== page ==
Delhi and its pollution woes seem to be the talking point right now and a slew of solutions, mostly of the knee-jerk variety are being proposed, propounded and about to be imposed on its citizens. The reactions, unfortunately, are of the sort that are usually reserved for a sudden natural calamity, like an earthquake rather than pollution which is a problem that usually grows over time until it crosses some sort of artificial threshold that we identify as the danger mark. When solutions don't match problems, usually, they tend to be inconvenient, expensive and usually, ineffective. Here is the real problem with the solutions that the Delhi government and now the Supreme Court have come up with.
What is it:
Road rationing is a well-accepted if not very widely implemented idea that prevents a chunk of citizens from using public roads. It is an artificial way to 'generate' capacity which reduces traffic and cuts pollution and can have beneficial impacts. Various methods can be used to reduce a chosen percentage of traffic. Odd-even, for instance, reduces 50 per cent of all traffic while a digit per day (license plates ending in 1 banned on Monday, 2 on Tuesday etc), can cut 16-20 per cent of traffic.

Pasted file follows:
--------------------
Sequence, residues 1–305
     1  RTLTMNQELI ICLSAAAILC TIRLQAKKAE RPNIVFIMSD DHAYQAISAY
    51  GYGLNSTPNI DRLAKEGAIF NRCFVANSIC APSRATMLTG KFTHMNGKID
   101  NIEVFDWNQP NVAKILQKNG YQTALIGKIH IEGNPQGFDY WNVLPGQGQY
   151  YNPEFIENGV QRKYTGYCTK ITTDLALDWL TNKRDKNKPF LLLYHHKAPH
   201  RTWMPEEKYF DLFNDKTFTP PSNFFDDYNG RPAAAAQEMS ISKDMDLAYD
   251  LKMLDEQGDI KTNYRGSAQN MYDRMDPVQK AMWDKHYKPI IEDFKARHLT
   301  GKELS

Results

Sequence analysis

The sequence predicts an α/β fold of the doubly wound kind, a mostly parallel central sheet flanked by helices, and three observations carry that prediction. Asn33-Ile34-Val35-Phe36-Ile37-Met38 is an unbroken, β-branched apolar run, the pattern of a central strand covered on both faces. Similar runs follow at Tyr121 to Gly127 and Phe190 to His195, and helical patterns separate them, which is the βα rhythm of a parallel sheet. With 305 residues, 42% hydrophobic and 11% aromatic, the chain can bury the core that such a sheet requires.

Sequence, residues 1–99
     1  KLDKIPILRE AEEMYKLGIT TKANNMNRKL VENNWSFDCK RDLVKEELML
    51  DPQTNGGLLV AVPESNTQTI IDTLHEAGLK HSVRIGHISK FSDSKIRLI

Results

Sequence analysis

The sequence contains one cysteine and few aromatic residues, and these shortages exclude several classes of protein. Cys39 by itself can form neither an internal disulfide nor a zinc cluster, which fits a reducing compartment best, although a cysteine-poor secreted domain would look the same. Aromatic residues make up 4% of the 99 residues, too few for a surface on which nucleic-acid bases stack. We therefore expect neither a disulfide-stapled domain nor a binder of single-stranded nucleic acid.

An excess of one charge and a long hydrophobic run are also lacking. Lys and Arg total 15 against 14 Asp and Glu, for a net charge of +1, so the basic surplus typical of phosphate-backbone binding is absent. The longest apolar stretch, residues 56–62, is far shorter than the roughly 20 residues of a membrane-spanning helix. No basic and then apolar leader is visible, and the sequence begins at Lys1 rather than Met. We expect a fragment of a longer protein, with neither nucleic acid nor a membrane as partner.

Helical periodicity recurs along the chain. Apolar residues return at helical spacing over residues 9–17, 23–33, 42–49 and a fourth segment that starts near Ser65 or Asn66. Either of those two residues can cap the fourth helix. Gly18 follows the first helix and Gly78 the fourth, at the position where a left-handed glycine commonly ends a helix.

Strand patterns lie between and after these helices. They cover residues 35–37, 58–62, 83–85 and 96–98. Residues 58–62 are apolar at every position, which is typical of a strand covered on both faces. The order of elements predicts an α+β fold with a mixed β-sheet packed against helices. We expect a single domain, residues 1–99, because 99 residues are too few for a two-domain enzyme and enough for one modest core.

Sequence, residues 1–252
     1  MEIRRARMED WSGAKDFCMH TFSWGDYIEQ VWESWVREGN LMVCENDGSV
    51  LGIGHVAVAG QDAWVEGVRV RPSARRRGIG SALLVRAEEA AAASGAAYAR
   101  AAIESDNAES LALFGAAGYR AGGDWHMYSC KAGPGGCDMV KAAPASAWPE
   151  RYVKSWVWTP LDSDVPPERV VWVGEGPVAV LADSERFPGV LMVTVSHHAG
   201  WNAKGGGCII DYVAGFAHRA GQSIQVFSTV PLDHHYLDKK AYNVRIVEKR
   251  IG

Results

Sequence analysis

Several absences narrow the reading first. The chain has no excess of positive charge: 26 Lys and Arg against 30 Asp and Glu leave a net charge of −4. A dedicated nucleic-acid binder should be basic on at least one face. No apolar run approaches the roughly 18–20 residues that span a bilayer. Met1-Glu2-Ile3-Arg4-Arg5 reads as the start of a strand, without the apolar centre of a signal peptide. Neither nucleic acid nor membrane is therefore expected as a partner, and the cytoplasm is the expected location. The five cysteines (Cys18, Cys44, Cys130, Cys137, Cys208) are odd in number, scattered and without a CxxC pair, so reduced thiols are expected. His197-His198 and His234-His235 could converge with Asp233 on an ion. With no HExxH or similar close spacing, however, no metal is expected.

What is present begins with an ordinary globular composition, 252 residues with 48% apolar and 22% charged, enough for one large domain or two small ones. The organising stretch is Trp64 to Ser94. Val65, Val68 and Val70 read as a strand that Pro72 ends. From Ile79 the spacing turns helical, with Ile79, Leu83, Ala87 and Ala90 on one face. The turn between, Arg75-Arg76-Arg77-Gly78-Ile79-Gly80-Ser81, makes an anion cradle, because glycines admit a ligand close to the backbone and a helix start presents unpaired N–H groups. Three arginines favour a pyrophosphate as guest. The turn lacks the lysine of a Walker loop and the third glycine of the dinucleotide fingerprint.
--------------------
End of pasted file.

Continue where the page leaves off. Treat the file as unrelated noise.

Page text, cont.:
The problem with it:
Road rationing is extremely inconvenient. An odd-even solution effectively puts half the vehicles off the roads everyday. Which is terrific for congestion, the city's total fuel consumption and obviously pollution levels. However, the government has so far not addressed the issue of the inconvenience. Since Beijing is trotted out as the shining example of road rationing success, it must be pointed out that the public transport (which in China is clean, efficient and abundant) was made free during the five days that road rationing was in effect. So far, we haven't come across any answers to the obvious questions around the actual on-road inconvenience. Questions like what happens to vehicles arriving in or crossing Delhi with the wrong number on the plate. What happens when the number of taxis are also halved - to the driver's livelihood and to passengers.